Loosley based on the life of Gaugin, the irascible and graceless Strickland has multiple awkward and brusque encounters. He skewers all pretensions to respectability and social expectation, causing chaos and destruction in his wake- discarded lovers, abandoned families,betrayed friends.
He’s not quite Gaugin though. More brutal, more extreme, this is a romanticised retelling of his life. It leans heavily on the trope of tortured, unrecognised genius for dramatic effect. I actually think this is a much better novel than Maugham’s more famous Of Human Bondage. It has all the existentialism and angsty comment on human condition, but seems more passionate and powerfully conveyed through the pursuit of a higher order of art.
The best chapters are those set in the steamy, colourful Tahitian jungle. They are tragic and poignant, a perfect meeting point of art and life. But perhaps I like this novel so much because it conjures up the same feeling that Gaugin’s paintings do when you see them- a mingling of otherworldly sublime beauty with earthly appetites.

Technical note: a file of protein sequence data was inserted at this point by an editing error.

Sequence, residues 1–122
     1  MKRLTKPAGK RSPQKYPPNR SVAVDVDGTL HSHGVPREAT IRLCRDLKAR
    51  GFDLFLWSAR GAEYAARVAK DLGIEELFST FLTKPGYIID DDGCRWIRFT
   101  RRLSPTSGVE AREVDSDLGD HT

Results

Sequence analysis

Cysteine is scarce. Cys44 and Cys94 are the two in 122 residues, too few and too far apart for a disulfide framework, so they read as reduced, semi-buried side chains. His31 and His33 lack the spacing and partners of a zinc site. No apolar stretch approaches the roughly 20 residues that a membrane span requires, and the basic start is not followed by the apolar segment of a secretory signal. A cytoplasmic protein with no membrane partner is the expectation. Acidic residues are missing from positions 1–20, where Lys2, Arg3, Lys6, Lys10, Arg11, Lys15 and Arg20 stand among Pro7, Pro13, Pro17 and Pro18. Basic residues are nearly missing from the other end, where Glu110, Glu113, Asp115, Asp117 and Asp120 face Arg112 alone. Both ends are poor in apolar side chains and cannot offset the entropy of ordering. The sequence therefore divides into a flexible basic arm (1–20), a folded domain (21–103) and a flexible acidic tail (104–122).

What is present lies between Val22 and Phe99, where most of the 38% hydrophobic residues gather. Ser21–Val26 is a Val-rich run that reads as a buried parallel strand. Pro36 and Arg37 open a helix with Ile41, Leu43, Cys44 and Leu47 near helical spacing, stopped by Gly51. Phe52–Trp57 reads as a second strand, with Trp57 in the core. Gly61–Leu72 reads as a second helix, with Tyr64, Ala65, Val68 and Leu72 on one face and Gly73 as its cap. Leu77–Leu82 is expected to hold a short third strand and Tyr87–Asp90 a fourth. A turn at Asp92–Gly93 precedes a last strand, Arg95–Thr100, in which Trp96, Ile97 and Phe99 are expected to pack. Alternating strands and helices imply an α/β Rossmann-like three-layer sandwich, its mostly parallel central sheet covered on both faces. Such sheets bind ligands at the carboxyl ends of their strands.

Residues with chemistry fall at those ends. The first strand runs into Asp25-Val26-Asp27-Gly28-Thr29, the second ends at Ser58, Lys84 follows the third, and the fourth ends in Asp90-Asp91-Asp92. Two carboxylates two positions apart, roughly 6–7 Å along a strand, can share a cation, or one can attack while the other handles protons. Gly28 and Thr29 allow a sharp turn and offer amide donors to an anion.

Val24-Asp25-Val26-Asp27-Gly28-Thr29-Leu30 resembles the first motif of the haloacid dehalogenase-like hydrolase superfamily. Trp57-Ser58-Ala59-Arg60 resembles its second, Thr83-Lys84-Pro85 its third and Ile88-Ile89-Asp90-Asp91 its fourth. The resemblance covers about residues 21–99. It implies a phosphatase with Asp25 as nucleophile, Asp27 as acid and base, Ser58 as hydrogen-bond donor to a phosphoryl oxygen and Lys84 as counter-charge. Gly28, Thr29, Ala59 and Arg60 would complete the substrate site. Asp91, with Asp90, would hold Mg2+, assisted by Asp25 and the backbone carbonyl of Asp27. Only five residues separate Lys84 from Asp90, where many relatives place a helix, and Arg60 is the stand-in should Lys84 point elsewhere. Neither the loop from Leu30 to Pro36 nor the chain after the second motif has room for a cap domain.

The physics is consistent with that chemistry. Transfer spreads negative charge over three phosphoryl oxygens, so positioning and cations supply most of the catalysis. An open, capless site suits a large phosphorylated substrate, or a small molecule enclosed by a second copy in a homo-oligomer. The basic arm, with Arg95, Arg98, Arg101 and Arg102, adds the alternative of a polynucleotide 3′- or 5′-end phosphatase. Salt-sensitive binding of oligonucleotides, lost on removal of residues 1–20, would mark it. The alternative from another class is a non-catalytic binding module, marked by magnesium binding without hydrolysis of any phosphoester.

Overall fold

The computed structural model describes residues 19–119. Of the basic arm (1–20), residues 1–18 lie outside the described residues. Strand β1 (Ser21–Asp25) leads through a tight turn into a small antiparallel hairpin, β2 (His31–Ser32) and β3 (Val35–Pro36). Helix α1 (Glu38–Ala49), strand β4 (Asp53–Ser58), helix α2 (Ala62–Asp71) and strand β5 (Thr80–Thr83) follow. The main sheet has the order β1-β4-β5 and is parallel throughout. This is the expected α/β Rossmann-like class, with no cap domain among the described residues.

Read: After seeing a painting that moves you.
Anna O’Donnell is a little girl who survives without eating- a miracle of Catholics faith. Emma Donoghue’s historical novel The Wonder is inspired by the strange phenomenon of the Fasting Girls, recurrent cases of women claiming to live with no nourishment in the 16th to 20th centuries.
Lib Wright, a serious and brisk nurse, is sent to rural Ireland to supervise Anna at the request of a local committee. Deeply superstitious and staunchly religious, the community is deeply vested in the truth of Anna’s state. Having been blighted by the Irish potato famine, Anna is a beacon of hope amongst a hard, hungry subsistence.
Trained by the famous Florence Nightingale at the Crimea war, Lib’s starched, reasoned mind provides a straightforward narrative that pleasingly contrasts with the oddness and unreality of the events and landscape around her. Suspicion and doubt creep into to Lib’s certainties as she encounters Anna’s spirituality and struggles to get to the bottom on the matter. Is she really sustained by god? Is she secretly eating? And if so, who is feeding her?